Office Party Survival Guide for Introverts


By Yvonne Milosevic

For introverts, the upcoming holiday season and its bursting social calendar brings with it a certain amount of dread. (We’re looking at you, office holiday party.) Attendance at this annual fête is de rigueur in the eyes of most managers. While you might prefer to take a hard pass on these soirees with coworkers, doing so could adversely affect your workplace relationships—and career.

If you regularly skip your company’s social events, you’ll likely find yourself left out of office friendships. Worse, you might jeopardize possible promotions or pay raises if management perceives you as cold and antisocial.

Mind you, introversion is not synonymous with shyness. The introvert/extrovert dichotomy has to do with how we get our energy tank filled. Extroverts recharge and get energized from social situations. Introverts, meanwhile, feel drained by these encounters. To recharge their batteries, introverts need quiet and solitude.

Make peace with the fact that you are going to the office shindig this year. Now, here’s your action plan to survive—and, dare we hope, enjoy—the experience.

Tip #1 Focus on the positive

Having a positive mindset can help you focus more on the potential upsides of the experience. Will the party have good food and libations? Is the location cool or unique? Maybe this a perfect excuse to dress a little “extra” and show coworkers you’re not always bumming it in jeans and a T-shirt. Or, perhaps an opportunity like this will give you a chance to get to know a new coworker on the team. Finding something to look forward to might make the office party better than bearable.

Tip #2 Arrive early


It’s tempting to arrive fashionably late, thereby cutting down on time you’ll have to spend feeling awkward. But with that strategy, you’re walking into the precise environment—crowded, lots of conversations flowing—that makes you peak uncomfortable. By arriving on time or a bit early, you’ll have far fewer people to interact with and can ease into party mode as the event heats up.

Tip #3 Have a wingman/woman

If the thought of walking into the office party alone seems uncomfortable, consider bringing a friend. Or if plus-ones are discouraged, make plans to carpool or meet up with your favorite office pal. Introverts naturally prefer one-on-one and small group conversations. Having a friend by your side in a crowded room can go a long way toward making the night much more fun.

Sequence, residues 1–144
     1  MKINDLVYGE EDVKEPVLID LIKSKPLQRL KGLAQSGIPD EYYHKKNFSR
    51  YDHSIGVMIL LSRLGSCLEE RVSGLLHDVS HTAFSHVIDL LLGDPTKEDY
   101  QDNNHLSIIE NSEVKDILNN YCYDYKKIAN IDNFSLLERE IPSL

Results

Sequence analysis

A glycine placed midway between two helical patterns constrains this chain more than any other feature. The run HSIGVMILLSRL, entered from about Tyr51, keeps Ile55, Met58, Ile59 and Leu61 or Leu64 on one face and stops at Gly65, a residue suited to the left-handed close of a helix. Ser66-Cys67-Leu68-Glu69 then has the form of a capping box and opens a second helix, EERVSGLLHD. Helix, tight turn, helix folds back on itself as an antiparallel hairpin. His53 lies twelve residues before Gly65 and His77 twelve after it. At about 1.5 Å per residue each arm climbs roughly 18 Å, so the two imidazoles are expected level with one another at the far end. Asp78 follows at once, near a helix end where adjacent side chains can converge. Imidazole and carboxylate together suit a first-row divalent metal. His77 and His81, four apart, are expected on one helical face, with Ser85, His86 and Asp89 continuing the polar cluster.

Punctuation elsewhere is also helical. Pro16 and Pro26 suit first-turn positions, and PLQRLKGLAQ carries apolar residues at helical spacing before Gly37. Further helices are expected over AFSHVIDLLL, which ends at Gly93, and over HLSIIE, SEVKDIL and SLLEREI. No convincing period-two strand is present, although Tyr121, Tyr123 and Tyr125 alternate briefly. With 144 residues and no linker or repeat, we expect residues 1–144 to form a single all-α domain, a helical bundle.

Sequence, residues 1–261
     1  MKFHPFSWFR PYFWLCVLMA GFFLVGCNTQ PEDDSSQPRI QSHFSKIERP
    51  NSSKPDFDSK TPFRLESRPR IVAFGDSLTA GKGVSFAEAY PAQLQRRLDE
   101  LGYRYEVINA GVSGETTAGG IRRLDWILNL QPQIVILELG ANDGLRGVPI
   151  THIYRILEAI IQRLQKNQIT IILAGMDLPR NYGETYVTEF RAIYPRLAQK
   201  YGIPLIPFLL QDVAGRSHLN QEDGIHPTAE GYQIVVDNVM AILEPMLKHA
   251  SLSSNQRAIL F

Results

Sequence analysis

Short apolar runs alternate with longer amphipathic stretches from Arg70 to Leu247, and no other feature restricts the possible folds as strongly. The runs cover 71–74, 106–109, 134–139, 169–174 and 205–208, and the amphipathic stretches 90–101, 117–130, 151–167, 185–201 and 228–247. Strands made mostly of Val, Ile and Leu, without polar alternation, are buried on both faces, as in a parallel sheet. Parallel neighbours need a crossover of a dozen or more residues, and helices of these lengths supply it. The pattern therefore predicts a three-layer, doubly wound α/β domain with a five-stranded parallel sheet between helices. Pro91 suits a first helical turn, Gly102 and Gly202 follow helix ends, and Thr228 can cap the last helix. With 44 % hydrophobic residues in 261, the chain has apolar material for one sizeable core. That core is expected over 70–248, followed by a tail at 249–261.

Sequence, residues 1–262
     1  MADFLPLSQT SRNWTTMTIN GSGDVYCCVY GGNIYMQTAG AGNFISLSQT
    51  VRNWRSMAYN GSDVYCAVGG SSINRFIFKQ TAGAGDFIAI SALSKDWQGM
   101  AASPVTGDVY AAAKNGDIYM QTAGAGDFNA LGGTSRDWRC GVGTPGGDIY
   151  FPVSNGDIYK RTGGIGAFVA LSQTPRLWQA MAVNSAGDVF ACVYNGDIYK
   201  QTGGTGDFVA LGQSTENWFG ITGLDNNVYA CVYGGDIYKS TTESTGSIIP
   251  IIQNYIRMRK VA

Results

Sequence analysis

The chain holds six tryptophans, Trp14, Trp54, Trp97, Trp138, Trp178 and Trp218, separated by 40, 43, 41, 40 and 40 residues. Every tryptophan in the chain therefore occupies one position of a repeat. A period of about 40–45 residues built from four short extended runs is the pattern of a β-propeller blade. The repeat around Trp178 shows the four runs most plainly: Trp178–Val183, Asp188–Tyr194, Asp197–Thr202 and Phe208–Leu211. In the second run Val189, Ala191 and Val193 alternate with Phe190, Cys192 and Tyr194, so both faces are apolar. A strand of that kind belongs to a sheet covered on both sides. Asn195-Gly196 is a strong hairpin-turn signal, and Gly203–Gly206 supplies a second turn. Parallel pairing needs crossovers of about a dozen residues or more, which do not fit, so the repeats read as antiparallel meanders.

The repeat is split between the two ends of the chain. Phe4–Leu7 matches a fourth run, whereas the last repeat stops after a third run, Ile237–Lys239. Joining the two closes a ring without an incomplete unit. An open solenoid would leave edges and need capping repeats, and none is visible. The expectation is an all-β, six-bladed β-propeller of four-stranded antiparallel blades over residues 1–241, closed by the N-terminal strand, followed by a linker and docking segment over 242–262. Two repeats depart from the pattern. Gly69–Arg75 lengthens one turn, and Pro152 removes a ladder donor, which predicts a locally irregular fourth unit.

Tip #4 Take timeouts as needed

We’re not suggesting that you camp out in the bathroom all night. But there’s no shame in taking periodic breaks from the action to recharge. Whether that means sneaking into the stall for some deep breathing exercises or finding a quiet spot away from the crowds outside, these small timeouts will help you reenergize. After a few minutes, you’ll feel ready to get back to the festivities.

Tip #5 Let people talk about themselves

They say extroverts talk so they can think, and introverts think so they can talk. Tap into the introvert’s famed listening skills and ask your fellow partygoers open-ended questions that can lead to more lively conversation. When you show genuine curiosity about what other people have to say, it helps take the spotlight off you. Your thoughtfulness will make a positive impression and can help strengthen your workplace relationships. A win-win.

Tip #6 Plan your escape


Give yourself permission to leave the party early if you’re feeling drained. In fact, going into the office party with a hard departure time already in mind makes the experience much more tolerable for introverts. If you only have to mingle and chitchat for two hours, it’s easier to stay engaged knowing that freedom is almost at hand. Remember your manners, though. As much as you’d like to slip away quietly into the night, make sure to say goodbye to the people you’ve interacted with the most.

Tip #7 Build in time to recharge before, and after, the party.

You already know the office holiday bash is going to suck the energy right out of you. That’s why you should make sure to schedule downtime before and after the event. You’ll need to top off your reserves beforehand to get through the party. Then, you’re going to need to replenish your energy supply before going out into the world again. Whether it’s with a good book, sleep, music, Netflix binging, etc., indulge yourself.  It’s easier to face life’s inevitable social situations—like the office holiday party—when you practice self-care.

Introverts may never fully embrace these types of crowded social situations, and that’s okay. With a few helpful strategies like these in your back pocket, no one has to know you’re not totally down for mega-watt merriment.

We’d love to hear your strategies for surviving office parties as an introvert! Leave us a note below with your sage advice to help others out there in the same boat.